LeTourneau students modify toys for disabled children
April 20, 2010 at 6:45 p.m.
Children with cerebral palsy tend to have limited arm movement, so LeTourneau University students on Tuesday modified toys to make them more accessible for the kids.
Freshmen engineering students used a Lego kit to modify off-the-shelf remote control toys, making them more accessible to disabled children, particularly those with cerebral palsy, assistant professor Matthew Green said.
"There's not a lot of movement when you lock your fists and arms," freshman Chris Black said during his group's presentation.
Most students made a large button that could be pressed or levers that could be moved with a fist. Black's team made a lever to push forward and back. His team demonstrated the remote by making a fist and pushing it to move their remote-controlled airplane.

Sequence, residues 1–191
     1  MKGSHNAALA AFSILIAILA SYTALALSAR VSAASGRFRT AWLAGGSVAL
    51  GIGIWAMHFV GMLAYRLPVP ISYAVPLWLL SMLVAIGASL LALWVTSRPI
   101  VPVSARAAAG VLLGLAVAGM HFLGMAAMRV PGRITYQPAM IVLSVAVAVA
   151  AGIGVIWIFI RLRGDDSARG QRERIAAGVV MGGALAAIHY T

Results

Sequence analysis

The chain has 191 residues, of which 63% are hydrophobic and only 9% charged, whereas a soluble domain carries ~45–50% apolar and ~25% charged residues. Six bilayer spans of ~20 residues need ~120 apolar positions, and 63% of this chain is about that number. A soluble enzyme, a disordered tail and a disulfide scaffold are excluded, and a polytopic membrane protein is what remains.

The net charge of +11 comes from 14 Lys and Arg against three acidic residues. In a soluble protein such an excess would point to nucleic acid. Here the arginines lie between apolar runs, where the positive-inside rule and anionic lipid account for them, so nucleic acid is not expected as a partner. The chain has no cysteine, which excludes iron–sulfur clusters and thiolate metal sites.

The project came about after a Gladewater woman contacted the university asking whether there was a way to modify toys for her 2-year-old disabled child, Green said. Some students at the university are working on a project to help her, he said. Green decided to have his classes - 90 students - branch out from that idea.
Freshman Nathan Sumrall said his team tried to make their remote as simple as possible and the device portable. The team made a plywood box with handles to house the technology and make it portable.
Some videos might appear on YouTube in the future to explain to parents how to change the toys, Green said.
"Anybody can buy these Lego kits, and we're hoping that parents who have children with disabilities will be able to use the videos do this through an open source system," he said.